Indigenous master's degree a Canadian first

Classes begin and end with a song and prayer, and teaching encourages the 14 students to incorporate both western and Indigenous approaches to clinical counselling. The new University of Victoria program is the first in Canada to offer a master’s degree in Indigenous Communities Counselling leading to provincial and national certification.

“The program will directly address the urgent need for professional counsellors who are able to provide culturally relevant counselling services to Indigenous individuals, families and communities,” says Anne Marshall, an education professor who co-chaired the initial advisory committee that led to the program, along with professor emerita Dr. Lorna Williams.

The UVic-led and developed program provides coursework consistent with national counsellor education guidelines and certification requirements for professional counsellors. But it is grounded in Indigenous approaches to the world, and includes courses in spirituality and healing, counselling across generations and instruction on the importance of ceremony, language and communal healing.

The degree is delivered by UVic’s Department of Educational Psychology and Leadership Studies in partnership with Indigenous Education. It was developed after extensive consultation with faculty, mental health professionals and Indigenous community members.

A pilot program saw 19 students graduate with master’s degrees in 2011-12. Fourteen new students began classes in late January 2014. (The three-year program is held on weekends at UVic’s First Peoples House and in the community, so students don’t have to leave their jobs and families.)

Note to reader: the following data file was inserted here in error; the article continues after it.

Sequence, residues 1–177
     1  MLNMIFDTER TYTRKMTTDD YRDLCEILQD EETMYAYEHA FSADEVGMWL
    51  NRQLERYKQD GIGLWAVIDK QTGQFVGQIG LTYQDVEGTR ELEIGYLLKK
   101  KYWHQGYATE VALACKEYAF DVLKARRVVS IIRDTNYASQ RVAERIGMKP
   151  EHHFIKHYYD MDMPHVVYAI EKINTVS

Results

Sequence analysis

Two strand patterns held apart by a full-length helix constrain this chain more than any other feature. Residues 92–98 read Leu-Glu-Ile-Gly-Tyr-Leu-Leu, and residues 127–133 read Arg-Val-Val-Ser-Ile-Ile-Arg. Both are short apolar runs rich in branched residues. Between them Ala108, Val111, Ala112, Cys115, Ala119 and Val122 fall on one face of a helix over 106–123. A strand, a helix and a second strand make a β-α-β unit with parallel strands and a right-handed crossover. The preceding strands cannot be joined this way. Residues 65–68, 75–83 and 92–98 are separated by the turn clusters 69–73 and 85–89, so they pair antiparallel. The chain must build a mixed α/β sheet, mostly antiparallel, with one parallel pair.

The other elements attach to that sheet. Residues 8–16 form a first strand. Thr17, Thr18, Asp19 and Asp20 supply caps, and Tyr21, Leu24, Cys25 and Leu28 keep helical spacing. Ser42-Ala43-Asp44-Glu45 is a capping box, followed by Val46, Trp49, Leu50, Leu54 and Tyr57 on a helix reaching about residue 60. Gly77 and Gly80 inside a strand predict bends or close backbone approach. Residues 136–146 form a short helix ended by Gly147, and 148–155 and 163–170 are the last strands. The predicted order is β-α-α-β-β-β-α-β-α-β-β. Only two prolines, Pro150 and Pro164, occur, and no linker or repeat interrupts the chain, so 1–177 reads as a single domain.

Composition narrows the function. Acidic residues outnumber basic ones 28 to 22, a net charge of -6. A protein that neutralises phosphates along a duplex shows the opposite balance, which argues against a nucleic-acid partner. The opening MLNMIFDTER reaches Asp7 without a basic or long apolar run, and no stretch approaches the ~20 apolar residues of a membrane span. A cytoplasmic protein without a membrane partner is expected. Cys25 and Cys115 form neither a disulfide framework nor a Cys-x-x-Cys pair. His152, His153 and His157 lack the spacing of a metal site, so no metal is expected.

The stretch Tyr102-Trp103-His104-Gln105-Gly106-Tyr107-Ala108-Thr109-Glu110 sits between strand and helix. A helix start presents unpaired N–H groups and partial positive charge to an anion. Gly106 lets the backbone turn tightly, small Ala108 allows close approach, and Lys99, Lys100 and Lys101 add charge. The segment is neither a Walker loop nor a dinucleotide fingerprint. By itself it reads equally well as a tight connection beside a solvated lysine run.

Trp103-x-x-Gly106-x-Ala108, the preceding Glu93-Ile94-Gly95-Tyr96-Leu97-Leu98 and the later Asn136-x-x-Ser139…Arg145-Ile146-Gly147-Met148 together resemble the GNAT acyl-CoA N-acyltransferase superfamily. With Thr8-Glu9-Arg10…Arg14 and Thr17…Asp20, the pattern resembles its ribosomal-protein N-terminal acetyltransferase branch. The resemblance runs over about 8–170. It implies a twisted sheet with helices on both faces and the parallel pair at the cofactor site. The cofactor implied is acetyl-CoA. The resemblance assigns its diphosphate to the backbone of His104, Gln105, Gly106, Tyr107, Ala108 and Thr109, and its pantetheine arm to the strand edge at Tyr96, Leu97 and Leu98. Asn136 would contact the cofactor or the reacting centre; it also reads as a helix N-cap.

The students will learn to blend both Indigenous and “Western” ways of healing, integrating the two so they will have more skills and knowledge to draw upon as counsellors. The majority of students are Indigenous and will work with their communities after graduating, in urban or rural settings.

Roger John, a member of the St’at’imc Nation, is an assistant professor and the academic advisor for the program. “There is still a lot of residue in the Indigenous community from the impacts of colonization including poverty and post-traumatic stress disorder,” John says. “But there are also many strengths there that can be used to help in the healing. Counselling psychology is one of the best ways to access these strengths.”

Barb Cowan, executive director of Surrounded By Cedar Child and Family Services, has seen several graduates of the pilot program putting their training to work, with positive results. “Families and children are really able to open up to them.”

The comprehensive program includes a 400-hour practicum. Mentoring and traditional knowledge activities are supported by a Counselling Foundation of Canada grant.

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Media contacts

Roger John (Advisor, Indigenous Communities Graduate Counselling Program) at 250-721-8911 or

Anne Marshall (Director, Centre for Youth and Society) at 250-721-7815 or

Kim Sharpe (UC+M) at 250-721-6248 or

In this story

Keywords: Indigenous, education

People: Anne Marshall, Lorna Williams, Roger John, Barb Cowan

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